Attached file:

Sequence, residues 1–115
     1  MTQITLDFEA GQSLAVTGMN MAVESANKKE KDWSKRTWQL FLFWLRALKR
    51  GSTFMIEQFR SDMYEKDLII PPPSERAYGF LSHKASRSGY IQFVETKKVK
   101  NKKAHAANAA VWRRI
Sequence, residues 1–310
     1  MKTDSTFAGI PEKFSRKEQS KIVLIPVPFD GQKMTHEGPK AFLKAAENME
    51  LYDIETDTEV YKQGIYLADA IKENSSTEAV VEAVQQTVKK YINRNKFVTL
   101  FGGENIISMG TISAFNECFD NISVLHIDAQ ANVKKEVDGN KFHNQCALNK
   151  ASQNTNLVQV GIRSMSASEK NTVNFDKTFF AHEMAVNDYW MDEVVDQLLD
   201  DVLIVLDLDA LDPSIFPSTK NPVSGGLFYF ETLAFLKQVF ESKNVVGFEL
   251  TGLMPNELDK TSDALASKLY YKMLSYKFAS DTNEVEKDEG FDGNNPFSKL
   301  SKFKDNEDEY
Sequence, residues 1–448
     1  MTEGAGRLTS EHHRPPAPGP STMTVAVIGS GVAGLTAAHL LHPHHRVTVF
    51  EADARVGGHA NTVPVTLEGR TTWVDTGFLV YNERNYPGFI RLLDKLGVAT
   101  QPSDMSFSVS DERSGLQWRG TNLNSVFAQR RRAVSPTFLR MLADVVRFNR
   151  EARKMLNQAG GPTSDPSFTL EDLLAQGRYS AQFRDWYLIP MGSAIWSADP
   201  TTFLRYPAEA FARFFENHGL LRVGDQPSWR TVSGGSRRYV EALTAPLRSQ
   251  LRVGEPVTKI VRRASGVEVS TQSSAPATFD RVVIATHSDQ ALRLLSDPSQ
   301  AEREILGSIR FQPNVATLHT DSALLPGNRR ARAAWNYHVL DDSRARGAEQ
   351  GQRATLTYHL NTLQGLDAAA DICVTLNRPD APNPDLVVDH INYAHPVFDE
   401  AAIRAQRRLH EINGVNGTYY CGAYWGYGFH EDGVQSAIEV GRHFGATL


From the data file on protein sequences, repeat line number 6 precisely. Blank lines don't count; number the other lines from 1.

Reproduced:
     1  MKTDSTFAGI PEKFSRKEQS KIVLIPVPFD GQKMTHEGPK AFLKAAENME